© 2004

Global Governance in the Twenty-first Century

  • John N. Clarke
  • Geoffrey R. Edwards

Part of the Global Issues Series book series (GLOISS)

Table of contents

  1. Front Matter
    Pages i-xi
  2. Introduction

    1. John N. Clarke, Geoffrey R. Edwards
      Pages 1-20
  3. Normative and Legal Perspectives

    1. Front Matter
      Pages 21-21
    2. Graham Ward
      Pages 23-40
    3. David Schneiderman
      Pages 67-91
  4. Policy Making Processes and Context

  5. Policy Challenges

  6. Back Matter
    Pages 285-295

About this book


The key challenges of globalization are diffuse and outside the control of any one state. In its most ambitious and forward looking form, global governance seeks to create an international social fabric, albeit imperfect, which cumulatively, amounts to more than the sum of its parts. Global Governance in the Twenty-first-century aims to open a number of new areas for further analysis, and in particular, to begin a process of cross-fertilization between different disciplines examining issues related to global governance.


environment ethics global governance globalization Governance Nation nature

Editors and affiliations

  • John N. Clarke
    • 1
    • 2
  • Geoffrey R. Edwards
    • 3
  1. 1.United NationsNew YorkUSA
  2. 2.Yale UniversityUSA
  3. 3.University of CambridgeUK

About the editors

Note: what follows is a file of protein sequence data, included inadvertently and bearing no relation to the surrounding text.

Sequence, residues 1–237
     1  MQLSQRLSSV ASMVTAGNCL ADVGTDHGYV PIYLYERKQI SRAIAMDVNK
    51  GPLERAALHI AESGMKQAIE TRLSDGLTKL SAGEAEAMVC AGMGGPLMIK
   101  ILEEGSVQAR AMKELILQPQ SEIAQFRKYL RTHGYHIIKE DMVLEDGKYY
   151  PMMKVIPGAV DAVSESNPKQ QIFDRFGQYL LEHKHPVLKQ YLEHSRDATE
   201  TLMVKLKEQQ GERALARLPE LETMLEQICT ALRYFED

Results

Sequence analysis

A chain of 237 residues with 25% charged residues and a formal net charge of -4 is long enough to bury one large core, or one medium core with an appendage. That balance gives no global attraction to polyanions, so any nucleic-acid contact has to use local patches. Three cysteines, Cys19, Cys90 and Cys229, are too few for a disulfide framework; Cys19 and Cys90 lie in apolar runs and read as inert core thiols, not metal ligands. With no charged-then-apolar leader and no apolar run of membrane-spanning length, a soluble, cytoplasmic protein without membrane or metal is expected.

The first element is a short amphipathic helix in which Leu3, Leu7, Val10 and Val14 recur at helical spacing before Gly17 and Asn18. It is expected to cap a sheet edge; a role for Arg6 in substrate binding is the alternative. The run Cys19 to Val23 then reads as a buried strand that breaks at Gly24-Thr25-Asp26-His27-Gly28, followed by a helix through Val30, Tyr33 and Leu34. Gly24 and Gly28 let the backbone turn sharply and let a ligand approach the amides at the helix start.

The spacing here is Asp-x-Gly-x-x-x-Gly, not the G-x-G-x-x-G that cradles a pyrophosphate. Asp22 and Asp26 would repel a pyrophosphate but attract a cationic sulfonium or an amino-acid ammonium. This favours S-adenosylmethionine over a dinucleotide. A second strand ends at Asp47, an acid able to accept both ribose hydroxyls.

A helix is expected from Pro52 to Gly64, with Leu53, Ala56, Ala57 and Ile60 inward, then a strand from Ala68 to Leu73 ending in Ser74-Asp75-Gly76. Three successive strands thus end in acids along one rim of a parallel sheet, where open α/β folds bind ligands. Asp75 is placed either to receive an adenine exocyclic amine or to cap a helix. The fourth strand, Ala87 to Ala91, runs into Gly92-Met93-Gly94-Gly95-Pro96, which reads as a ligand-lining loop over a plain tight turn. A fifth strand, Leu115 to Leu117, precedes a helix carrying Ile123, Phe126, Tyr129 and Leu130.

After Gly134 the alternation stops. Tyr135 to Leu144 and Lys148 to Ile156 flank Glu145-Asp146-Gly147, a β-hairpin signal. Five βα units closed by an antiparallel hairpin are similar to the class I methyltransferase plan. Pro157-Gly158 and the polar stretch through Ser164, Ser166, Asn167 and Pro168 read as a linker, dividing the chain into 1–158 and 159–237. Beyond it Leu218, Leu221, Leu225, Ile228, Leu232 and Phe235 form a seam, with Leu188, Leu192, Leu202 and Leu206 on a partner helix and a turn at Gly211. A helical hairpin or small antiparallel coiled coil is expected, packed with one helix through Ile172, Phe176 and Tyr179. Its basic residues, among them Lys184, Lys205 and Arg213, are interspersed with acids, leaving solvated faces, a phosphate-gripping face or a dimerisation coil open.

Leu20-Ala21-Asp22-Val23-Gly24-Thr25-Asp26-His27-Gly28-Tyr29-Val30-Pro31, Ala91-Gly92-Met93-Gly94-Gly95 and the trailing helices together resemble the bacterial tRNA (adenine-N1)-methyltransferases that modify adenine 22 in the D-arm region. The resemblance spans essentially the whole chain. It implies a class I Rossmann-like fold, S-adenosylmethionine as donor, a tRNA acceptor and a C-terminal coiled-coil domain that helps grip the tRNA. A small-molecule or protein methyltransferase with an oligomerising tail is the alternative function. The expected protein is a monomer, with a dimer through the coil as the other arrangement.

JOHN AGNEW is Professor of Geography at UCLA, Los Angeles CA, USA. He is the author and co-author of a number of books on international political economy and geopolitics including Geopolitics: Re-Visioning World Politics; Mastering Space: Hegemony, Territory and International Political Economy (with Stuart Corbridge) and The Geography of the World Economy (with Paul Knox and Linda McCarthy). JOHN N. CLARKE is Humanitarian Liaison Officer in the Bureau for Crisis Prevention and Recovery (United Nations Development Programme, New York) and Post-Doctoral Fellow, Yale University. He has previously served as an Advisor in the Early Warning and Contingency Planning Unit of the Office for the Coordination of Humanitarian Affairs (OCHA) at United Nations Headquarters, New York. From 1999-2000, he served as a Policy Advisor to Canada's then Minister of Foreign Affairs, the Hon. Lloyd Axworthy. He completed a PhD in International Relations at Peterhouse, Cambridge University, UK. MICHAEL W. DOYLE is Harold Brown Professor of United States Foreign and Security Policy, Professor of Law, and Professor of International and Public Affairs at Columbia University prior to which he was Edwards S. Sanford Professor of Politics and International Affairs, Princeton University (1987-2003). He has served as Assistant Secretary-General and Special Advisor to United Nations Secretary-General Kofi Annan, (2001-2003) and is a Fellow of the American Academy of Arts and Sciences. GEOFFREY R. EDWARDS is Reader in European Studies and Jean Monnet 'Chair' in Political Science in the Centre of International Studies, University of Cambridge, and a Fellow of Pembroke College, Cambridge. He formerly worked for a number of think tanks, including the RIIA (Royal Institute of International Affairs), Chatham House, having begun his career after taking his doctorate at the London School of Economics, in the Foreign & Commonwealth Office. He has written extensively on the European Union, its institutions and its external policies. MERVYN FROST is Chair of International Relations at the University of Kent at Canterbury. His major publications are: Towards a Normative Theory of International Relations, Ethics in International Relation and Constituting Human Rights: Global Civil Society and the Society of Democratic States. FEN OSLER HAMPSON is Director of the Norman Paterson School of International Affairs, Carleton University, Ottawa, Canada and Professor of International Affairs. Since 1994 he has been a senior consultant to the United States Institute of Peace, Washington, DC. He is co-editor (with David Malone) of a new volume entitled: From Reaction to Confiict Prevention: Opportunities for the UN in the New Millennium and author (with Jean Daudelin, John B. Hay, Todd Martin and Holly Reid), Madness in the Multitude - Human Security and World Disorder. RONNIE D. LIPSCHUTZ is Professor of Politics and Associate Director of the Center for Global, International, and Regional Studies at the University of California, Santa Cruz. His most recent books are After Authority - War, Peace and Global Politics in the 21st Century and Cold War Fantasies: Film, Fiction and Foreign Policy. He is also the author of Global Environmental Politics: Power, Perspectives, and Practice, a critical text on global environmental politics. ROBERT A. PASTOR is Vice President of International Affairs, Professor, and Director of the Center for Democracy and Elections Management at American University in Washington, DC. From 1985-98, he was Fellow and Founding director of several programs at The Carter Center and is the author or editor of 15 books, including A Century's Journey: How the Great Powers Shape the World, and Toward a North American Community: Lessons from the Old War for the New. DAVID SCHNEIDERMAN is Associate Professor of Law at the Faculty of Law, University of Toronto. He has edited several books, including The Quebec Decision; Charting the Consequences: The Impact of the Charter of Rights on Canadian Law and Politics (with Kate Sutherland) and Social Justice and the Constitution: Perspectives on a Social Union for Canada (with Joel Bakan). He is founding editor of the quarterly Constitutional Forum Constitutionnel and founding editor-in-chief of the journal Review of Constitutional Studies. He is completing a book manuscript entitled Investing Authority: The Constitutional Order of Economic Globalization. GEOFFREY R. D. UNDERHILL is Chair of International Governance at the Universiteit van Amsterdam. His research has focused on the political economy of trade and industrial adjustment across a range of developed economies as well as patterns of international co-operation for the regulation and supervision of global financial markets, and the impact of regulatory change in financial markets on the global monetary system and the wider economic development process. His most recent publication is an edited collection (with Xiaoke Zhang) International Financial Governance under Stress: Global Structures versus National Imperatives. GRAHAM WARD is Professor of Theology, University of Manchester and for the last six years has served as the senior executive editor of the Oxford University Press journal Literature and Theology. His book, Cities of God treats the postmodern situation and the inadequacy of certain older forms of theological discourse on the character and significance of the city with respect to that situation. It then attempts to construct a new way of doing theology from within the postmodern context that challenges some of the key assumptions and trajectories of postmodernity, but without either standing counter-culturally against it or being irrelevant to it.